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Fibrillation of Carrier Protein Albebetin and Its Biologically Active Constructs. Multiple Oligomeric Intermediates and Pathways
Umeå University, Faculty of Medicine, Department of Medical Biochemistry and Biophysics.
Umeå University, Faculty of Medicine, Department of Medical Biochemistry and Biophysics.
Umeå University, Faculty of Medicine, Department of Medical Biochemistry and Biophysics.
Umeå University, Faculty of Science and Technology, Department of Chemistry.
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2004 (English)In: Biochemistry, ISSN 0006-2960, E-ISSN 1520-4995, Biochemistry, Vol. 43, no 30, 9610-9619 p.Article in journal (Refereed) Published
Description
Abstract [en]

We showed that the genetically engineered carrier-protein albebetin and its biologically active constructs with interferon-2 octapeptide LKEKKYSP or differentiation factor hexapeptide TGENHR are inherently highly amyloidogenic at physiological pH. The kinetics of fibrillation were monitored by thioflavine-T (ThT) binding and the morphological changes by atomic force microscopy. Fibrillation proceeds via multiple pathways and includes a hierarchy of amyloid structures ranging from oligomers to protofilaments and fibrils. Comparative height and volume microscopic measurements allowed us to identify two distinct types of oligomeric intermediates: pivotal oligomers ca. 1.2 nm in height comprised of 10-12 monomers and on-pathway amyloid-competent oligomers ca. 2 nm in height constituted of 26-30 molecules. The former assemble into chains and rings with "bead-on-string morphology", in which a "bead" corresponds to an individual oligomer. Once formed, the rings and chains remain in solution simultaneously with fibrils. The latter give rise to protofilaments and fibrils, and their formation is concomitant with an increasing level of ThT binding. The amyloid nature of filamentous structures was confirmed by a pronounced ThT and Congo red binding and -sheet-rich far-UV circular dichroism. We suggest that transformation of the pivotal oligomers into the amyloid-prone ones is a limiting stage in amyloid assembly. Peptides, either fused to albebetin or added into solution, and an increased ionic strength promote fibrillation of albebetin (net charge of -12) by counterbalancing critical electrostatic repulsions. This finding demonstrates that the fibrillation of newly designed polypeptide-based products can produce multimeric amyloid species with a potentially "new" functionality, raising questions about their safety.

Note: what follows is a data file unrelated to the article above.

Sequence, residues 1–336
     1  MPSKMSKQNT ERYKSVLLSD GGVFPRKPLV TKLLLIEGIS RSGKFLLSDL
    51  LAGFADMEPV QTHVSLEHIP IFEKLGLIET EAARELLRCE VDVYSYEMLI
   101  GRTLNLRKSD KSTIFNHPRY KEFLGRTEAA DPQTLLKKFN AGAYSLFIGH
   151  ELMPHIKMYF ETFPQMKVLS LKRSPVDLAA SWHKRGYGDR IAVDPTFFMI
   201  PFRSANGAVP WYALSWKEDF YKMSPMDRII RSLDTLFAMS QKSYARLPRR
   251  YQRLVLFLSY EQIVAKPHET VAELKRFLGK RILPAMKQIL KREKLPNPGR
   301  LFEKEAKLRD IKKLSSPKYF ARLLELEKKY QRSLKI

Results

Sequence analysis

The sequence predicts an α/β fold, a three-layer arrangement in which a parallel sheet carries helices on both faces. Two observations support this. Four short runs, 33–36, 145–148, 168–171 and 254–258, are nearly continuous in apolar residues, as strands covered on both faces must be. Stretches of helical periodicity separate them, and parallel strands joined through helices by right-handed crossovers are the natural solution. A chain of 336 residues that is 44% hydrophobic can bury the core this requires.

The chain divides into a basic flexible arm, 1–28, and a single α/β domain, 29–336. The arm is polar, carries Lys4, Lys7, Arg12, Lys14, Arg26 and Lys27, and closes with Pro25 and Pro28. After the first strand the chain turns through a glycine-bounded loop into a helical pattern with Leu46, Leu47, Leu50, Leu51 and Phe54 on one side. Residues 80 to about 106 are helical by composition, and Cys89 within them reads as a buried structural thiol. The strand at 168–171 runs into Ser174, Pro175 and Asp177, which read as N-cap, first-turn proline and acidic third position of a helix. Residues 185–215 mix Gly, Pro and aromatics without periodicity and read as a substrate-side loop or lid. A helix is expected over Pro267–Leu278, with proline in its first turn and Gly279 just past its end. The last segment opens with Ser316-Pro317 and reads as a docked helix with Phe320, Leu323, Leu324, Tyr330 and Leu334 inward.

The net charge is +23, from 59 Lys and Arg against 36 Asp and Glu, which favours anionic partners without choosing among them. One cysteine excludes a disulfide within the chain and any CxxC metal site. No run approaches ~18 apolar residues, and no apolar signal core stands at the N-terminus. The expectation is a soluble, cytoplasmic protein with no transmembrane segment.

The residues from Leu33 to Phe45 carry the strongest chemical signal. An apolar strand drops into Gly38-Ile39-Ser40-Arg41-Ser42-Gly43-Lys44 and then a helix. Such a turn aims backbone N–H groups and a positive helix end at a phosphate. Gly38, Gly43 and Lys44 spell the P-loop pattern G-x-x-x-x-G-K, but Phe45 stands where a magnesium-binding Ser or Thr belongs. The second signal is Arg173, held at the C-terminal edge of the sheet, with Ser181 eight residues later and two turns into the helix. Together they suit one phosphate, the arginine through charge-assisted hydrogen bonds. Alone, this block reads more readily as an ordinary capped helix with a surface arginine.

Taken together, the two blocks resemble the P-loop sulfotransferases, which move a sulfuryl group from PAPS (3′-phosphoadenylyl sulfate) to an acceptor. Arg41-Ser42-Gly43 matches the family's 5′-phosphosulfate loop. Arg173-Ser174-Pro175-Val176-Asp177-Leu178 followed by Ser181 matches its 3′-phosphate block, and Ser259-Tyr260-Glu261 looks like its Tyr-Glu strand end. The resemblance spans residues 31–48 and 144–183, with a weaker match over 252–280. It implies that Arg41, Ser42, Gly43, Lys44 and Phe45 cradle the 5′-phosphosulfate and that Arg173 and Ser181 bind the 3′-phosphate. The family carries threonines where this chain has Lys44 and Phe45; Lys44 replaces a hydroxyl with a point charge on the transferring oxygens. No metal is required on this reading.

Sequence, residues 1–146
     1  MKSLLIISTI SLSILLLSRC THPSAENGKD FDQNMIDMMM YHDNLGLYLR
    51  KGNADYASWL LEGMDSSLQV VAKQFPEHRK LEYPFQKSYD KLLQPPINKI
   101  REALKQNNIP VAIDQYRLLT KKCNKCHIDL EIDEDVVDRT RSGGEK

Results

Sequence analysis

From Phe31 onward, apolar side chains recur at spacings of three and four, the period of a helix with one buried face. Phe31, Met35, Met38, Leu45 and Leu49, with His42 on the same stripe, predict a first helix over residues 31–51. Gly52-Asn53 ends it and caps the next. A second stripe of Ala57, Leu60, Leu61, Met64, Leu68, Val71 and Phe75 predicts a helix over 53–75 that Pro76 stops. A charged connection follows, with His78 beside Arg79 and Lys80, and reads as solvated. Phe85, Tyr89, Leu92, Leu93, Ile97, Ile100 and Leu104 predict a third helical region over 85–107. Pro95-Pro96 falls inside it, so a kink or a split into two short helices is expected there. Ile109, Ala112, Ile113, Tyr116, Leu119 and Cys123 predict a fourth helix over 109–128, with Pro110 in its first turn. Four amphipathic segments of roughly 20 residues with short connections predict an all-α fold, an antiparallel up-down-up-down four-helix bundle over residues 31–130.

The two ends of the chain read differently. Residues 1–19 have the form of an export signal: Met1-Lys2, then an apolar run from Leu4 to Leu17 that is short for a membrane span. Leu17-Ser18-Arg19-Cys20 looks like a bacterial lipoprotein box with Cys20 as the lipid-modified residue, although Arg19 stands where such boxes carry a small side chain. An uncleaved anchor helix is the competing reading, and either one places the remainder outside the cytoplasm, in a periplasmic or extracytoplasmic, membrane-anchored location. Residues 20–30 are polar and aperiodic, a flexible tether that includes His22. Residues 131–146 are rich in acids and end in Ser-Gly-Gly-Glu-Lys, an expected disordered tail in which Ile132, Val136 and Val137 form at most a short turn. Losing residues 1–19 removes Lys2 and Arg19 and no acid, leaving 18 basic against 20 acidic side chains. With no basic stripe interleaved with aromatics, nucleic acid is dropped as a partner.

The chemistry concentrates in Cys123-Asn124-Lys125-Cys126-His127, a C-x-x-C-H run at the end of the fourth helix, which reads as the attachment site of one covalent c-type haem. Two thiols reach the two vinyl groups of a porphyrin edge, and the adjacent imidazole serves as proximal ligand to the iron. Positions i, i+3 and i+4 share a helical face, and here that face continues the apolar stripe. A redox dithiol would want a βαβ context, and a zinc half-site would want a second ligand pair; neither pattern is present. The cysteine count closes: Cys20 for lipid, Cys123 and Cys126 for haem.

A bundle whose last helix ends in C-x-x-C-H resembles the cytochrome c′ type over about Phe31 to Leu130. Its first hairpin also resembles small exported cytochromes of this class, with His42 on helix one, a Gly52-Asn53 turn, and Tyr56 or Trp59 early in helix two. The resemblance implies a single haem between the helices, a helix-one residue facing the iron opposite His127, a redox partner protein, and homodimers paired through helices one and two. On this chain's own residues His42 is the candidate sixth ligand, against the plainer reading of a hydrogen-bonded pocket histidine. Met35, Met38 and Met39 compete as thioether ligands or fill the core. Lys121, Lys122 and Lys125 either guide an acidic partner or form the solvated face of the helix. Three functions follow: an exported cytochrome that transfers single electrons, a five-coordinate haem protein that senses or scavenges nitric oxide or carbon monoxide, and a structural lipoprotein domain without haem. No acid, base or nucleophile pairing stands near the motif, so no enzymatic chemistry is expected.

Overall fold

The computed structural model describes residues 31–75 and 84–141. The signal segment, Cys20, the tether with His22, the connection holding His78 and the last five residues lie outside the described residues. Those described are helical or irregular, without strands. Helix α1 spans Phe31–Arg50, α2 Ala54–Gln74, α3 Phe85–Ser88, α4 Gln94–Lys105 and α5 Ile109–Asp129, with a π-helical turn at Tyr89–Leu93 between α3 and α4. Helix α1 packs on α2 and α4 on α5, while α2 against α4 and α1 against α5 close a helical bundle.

Place, publisher, year, edition, pages
2004. Vol. 43, no 30, 9610-9619 p.
Identifiers
URN: urn:nbn:se:umu:diva-14787DOI: 10.1021/bi0494121PubMedID: 15274615OAI: oai:DiVA.org:umu-14787DiVA: diva2:154459
Available from: 2007-12-16 Created: 2007-12-16 Last updated: 2017-12-14Bibliographically approved
In thesis
1. Structural studies of heterogeneous amyloid species of lysozymes and de novo protein albebetin and their cytotoxicity
Open this publication in new window or tab >>Structural studies of heterogeneous amyloid species of lysozymes and de novo protein albebetin and their cytotoxicity
2007 (English)Doctoral thesis, comprehensive summary (Other academic)
Abstract [en]